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The Burning Land (The Last Kingdom #5)

4.27 of 5 stars 4.27  ·  rating details  ·  12,667 ratings  ·  477 reviews
In a clash of heroes, the kingdom is born.

At the end of the ninth century, King Alfred of Wessex is in ill health; his heir, an untested youth. His enemy, the Danes, having failed to conquer Wessex, now see their chance for victory. Led by the sword of savage warrior Harald Bloodhair, the Viking hordes attack. But Uhtred, Alfred's reluctant warlord, proves his worth, outwi
Paperback, Large Print, 560 pages
Published January 19th 2010 by HarperLuxe (first published January 1st 2009)
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Bookworm Sean
There is nothing I’d like to see more than Uhtred completely re-joining the Danes. I’d like to see him join forces with Ragnar Ragnarson. I’d like to see the two stood side by side in the shield wall. I’d like to see them smash Alfred’s forces and Uhtred plunge Serpents Breath into the heart of Wessex. But, alas, Alfred has Uhtred’s oath of loyalty and obedience. He may leave his side for a time, but it would never, and could never, be permanent.

A strong test of loyalty


However, when he accident
Jason Koivu
If reading this series doesn't make you wanna scream like this... ...then I just don't know what will!

The Burning Land continues Bernard Cornwell's bloodthirsty, battle-heavy and viciously violent viking saga.

England is still broken up into pieces. The Danes are threatening to overrun the land. Saxon King Alfred (later known as Alfred the Great) was holding on to Wessex and holding out hope of one day uniting the entire country under his banner. But need
Jeffrey Keeten
”“The gods are capricious, and I was about to amuse them. And Alfred was right. I was a fool.”

 photo Thor_by_Abrar_Ajmal_zpsd4d4a443.jpg
The Mighty Thor

Uhtred, Lord of Bebbanburg, is an enigma. He is a man without a country, not only because England doesn’t yet exist in the 9th century, but he is also a man without a home. His uncle took his position as rightful heir to Bebbanburg when Uhtred’s father died. He does still call himself Lord of Bebbanburg, but it is from exile in the South. Uhtred is a Saxon, but he was raised by Vikings.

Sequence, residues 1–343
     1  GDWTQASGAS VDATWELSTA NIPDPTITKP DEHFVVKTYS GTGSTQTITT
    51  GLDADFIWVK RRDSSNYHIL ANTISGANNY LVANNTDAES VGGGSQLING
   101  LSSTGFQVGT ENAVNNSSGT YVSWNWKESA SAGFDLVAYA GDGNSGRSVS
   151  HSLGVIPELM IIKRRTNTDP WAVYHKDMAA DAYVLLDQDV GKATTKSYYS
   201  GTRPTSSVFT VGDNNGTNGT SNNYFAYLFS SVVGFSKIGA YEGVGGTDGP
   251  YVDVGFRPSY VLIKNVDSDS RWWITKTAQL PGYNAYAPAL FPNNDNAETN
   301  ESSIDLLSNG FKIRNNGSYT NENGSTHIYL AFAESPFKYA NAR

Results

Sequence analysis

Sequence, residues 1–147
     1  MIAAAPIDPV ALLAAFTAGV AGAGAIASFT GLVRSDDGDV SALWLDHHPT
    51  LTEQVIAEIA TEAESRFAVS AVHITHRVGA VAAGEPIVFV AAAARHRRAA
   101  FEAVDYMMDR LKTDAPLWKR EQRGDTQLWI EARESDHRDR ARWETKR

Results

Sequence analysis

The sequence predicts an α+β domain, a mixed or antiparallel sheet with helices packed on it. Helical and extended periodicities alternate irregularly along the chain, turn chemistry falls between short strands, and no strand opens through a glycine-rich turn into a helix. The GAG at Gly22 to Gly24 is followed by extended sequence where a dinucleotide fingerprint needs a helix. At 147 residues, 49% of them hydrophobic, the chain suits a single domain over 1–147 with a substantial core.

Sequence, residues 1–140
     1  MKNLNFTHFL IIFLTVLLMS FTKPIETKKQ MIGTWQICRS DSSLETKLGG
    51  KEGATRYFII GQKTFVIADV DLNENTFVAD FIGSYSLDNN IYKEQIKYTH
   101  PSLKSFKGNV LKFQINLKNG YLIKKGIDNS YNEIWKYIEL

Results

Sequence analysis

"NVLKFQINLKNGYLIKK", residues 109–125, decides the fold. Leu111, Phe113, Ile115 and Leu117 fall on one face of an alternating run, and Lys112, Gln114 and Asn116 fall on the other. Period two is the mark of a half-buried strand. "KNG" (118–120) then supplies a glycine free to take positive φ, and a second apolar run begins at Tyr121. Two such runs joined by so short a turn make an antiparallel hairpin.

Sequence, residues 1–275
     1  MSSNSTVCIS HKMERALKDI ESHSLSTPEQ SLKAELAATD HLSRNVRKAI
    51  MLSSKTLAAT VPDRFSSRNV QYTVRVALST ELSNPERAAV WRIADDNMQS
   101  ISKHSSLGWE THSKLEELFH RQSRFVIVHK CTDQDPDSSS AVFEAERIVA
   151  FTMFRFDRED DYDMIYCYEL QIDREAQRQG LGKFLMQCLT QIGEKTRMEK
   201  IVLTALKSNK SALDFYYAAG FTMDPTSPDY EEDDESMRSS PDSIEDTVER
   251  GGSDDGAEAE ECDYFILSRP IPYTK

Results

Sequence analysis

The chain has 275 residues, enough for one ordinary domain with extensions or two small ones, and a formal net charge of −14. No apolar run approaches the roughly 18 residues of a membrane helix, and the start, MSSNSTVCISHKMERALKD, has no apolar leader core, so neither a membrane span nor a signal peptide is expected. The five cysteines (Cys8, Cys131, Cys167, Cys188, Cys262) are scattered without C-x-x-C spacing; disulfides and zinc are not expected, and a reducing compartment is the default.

Athena Shardbearer

"We are Danes, and we are Saxon, and we are warriors who love to fight. In our halls at night we chant the tales of men we have killed, of the women we have widowed, and of the children we have orphaned. So make your choice! Either give me a new song to sing or else lay down your weapons."

Oh Uhtred, chaos and mayhem follows you where ever you go. This far in the series and I'm starting to question the decisions that Uhtred makes and the people he makes promises to. Will he ever be happy, ever
5 stars. It has to be. 5 stars for Uhtred of Bebbanburg, and 5 stars for his creator, Bernard Cornwell.
It has been far too long between books in this Saxon series for me. I have had an Uhtred drought. So I hungered for this read when I came to it. And I am pleased to admit that it gave me everything I wanted and missed.
If there are flaws in The Burning Land then I do not see them. That's not saying that there are none, but if there were, I failed to notice. I'll leave the flaws for others to p
Vagner Stefanello
Review in Portuguese from Desbravando Livros:

Contém spoilers dos livros anteriores!

Depois de livrar Londres do domínio dinamarquês utilizando uma estratégia muito arriscada e tendo que fazer um novo juramento, dessa vez à Aethelflaed, filha do rei Alfredo (cada vez mais doente e próximo da morte), nosso herói precisa novamente defender Wessex, pois os vikings estão reunindo uma horda gigantesca, liderada desta vez por Harald Cabelo de Sangue, guerreiro poderoso que mata um cavalo a cada vez que
rating: 4/5

Uhtred is a little older, a little wiser, a little less degrading to priests, and a little less prone to violence.

Okay, I lied.

"I'll hang him with his son's intestines," I said, "and piss on his corpse."

Ah, that's better!

He's just as bloody, foul-mouthed, and quick to temper while routinely shutting his brain down and acting before thinking (but he is a little older). Yup, exactly what I have come to expect from the series.

With one drawback. The middle was a bit dry on the action, a
A great entry in the Saxon Stories by Bernard Cornwell. This is the fifth book and a return to the quality of the initial three after the slightly sub-standard SWORD SONG. This one's so great because it sees Uhtred finally breaking away from Alfred (hurrah!) and setting up power on his own.

Once again, the story is dominated with powerful descriptions of England's lands and peoples. Cornwell has great fun with a fictional villain - Harald Bloodhair, a man who lives up to his name before each batt
Kate Quinn
Alfred the Great, in Bernard Cornwell's Saxon Stories, has a love for order, peace, and Christianity. He has always been dismayed by his reliance on Uhtred, a pagan warrior who represents everything Alfred hates, but a reluctant bond of need held them loyal to each other. That bond snaps in "The Burning Land," when Alfred's punishing zeal is finally too much and Uhtred abandons his cause. Grieving for the death of his beloved wife, he flees north with thoughts of re-taking the fortress of his bi ...more